Thursday, June 12, 2014

Running In Indianapolis

Edina and Patsy running. I think it was a vodka run though. 

I've never been a big runner. 

While some see running as a way to connect with nature, the steady thump thump thump of new sneakers on the pavement, I always viewed it as a punishment. 

In school, if you screwed up, your mistake was met by a loud "RUN" from the gym teacher. I dreaded running laps in the school gym. I loved playing basketball until 8th grade. I was never going to be awarded a scholarship for my Mark Price style jump shot, but it was fun, until my 8th grade coach. His philosophy was that we were going to run until someone threw up. Every day. Keep running until someone barfed. Maybe I just didn't have the killer competitive drive in me, but I did not find vomiting on the court to be fun.

Then I got older. 

Something happens when you hit your 30s or 40s. For some reason, there is a desire to run. Run away from things, run to things. Running is a quiet, solo sport. You can be alone with your thoughts or Eminem's through your Beats. In our ever connected life, running is the one thing you can't multitask at. Well, you shouldn't. I once tried to tweet while running. Not my finest moment.

The starting line for the Monumental Mile. 
My Facebook timeline is full of middle aged folks running. Pictures of smiling faces with number tags on their shirts, hair pulled back in pony tails. More pictures of neon colored tennies, ready for that job through the woods. 

So, not to be left out, I gave it a whirl. I participated in my first Run - the Indianapolis Monumental Mile. It looked easy enough. I can walk a mile. Certainly, I can run a mile. 

About 100 yards into the run LEG CRAMPS. Look, I know I poked fun at Lefoolio and his leg cramps, but, wow, was that painful.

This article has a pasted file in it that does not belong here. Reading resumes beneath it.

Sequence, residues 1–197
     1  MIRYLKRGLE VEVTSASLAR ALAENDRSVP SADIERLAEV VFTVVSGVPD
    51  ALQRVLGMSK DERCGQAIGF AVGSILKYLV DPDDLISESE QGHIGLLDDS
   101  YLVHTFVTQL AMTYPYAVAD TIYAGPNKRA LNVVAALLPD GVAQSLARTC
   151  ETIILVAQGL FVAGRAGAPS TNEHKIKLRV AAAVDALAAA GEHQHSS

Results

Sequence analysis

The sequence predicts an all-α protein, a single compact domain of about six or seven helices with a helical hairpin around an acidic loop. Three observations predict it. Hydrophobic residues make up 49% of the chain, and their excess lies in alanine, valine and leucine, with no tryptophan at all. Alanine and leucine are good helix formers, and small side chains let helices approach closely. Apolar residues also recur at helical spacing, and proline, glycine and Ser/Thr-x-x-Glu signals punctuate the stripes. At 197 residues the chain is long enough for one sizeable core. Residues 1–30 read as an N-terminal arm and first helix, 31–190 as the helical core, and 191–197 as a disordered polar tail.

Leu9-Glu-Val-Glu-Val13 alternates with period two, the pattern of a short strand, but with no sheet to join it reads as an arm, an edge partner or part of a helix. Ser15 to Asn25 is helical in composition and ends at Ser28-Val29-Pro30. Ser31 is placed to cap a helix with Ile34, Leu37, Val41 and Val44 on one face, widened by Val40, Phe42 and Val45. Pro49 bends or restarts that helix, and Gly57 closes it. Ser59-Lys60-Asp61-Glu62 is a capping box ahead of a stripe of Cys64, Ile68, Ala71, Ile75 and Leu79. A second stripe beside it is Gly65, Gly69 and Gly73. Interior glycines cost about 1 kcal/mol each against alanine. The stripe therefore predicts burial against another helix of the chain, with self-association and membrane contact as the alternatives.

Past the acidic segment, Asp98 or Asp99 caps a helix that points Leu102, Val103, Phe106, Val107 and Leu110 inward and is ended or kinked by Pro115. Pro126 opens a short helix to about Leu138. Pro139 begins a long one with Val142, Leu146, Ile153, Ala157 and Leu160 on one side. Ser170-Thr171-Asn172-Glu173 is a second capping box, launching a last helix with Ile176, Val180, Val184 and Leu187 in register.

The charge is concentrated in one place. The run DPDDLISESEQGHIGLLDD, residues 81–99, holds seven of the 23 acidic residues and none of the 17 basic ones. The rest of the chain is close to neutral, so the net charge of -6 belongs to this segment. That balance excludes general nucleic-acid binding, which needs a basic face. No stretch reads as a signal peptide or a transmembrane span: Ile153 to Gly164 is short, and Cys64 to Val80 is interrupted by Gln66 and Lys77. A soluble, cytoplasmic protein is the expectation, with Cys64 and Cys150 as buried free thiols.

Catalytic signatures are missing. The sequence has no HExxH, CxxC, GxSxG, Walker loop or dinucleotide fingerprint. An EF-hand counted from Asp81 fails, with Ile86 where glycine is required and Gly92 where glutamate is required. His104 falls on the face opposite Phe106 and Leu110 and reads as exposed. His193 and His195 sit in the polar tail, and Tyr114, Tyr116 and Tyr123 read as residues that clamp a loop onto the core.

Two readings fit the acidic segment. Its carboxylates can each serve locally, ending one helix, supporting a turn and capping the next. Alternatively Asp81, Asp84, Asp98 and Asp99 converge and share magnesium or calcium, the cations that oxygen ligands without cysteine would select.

I was determined to finish in my run, walk, walk, run fashion. Traffic was halted as I hobbled through intersections. With each step, I contemplated just scooting over to the side of the street and tapping out. 

I'm really not a runner.

I was however, determined to beat the lady pushing a double baby carriage. I think she may have even been breast feeding at the time too. 

I crossed the finish line in a triumphant leap. 

Then, I  had a beer and a cookie. It was what all the other runners were doing. 

After some training, I want to try a 5K. There was a sense of overwhelming pride in walking around with a number safety pinned to my shirt.  It felt nice. It will feel nicer to cross it off my bucket list and move on to something new. Or not. Only time and my shins will tell. 

But more training, and a new sports bra. 

Two very important things I did not properly consider. 

Are you a runner? Tell me about your adventures in the comments. 

The finish line at Monument Circle.

1 comment:

  1. I was about 320 when I started the Couch to 5k running program. I eventually got down to 240 (currently 260) and have ran multiple 5ks and the Winking Lizard Shot in the Dark. Unfortunately, running is very hard on your body and I have had multiple injuries; heal spurs, plantar fasciitis, and a slipped disc in my back. My advice - go slow, get good shoes for your body and gait, and stretch often. It is a great stress reliever and I honestly can say I miss it when I can't run.

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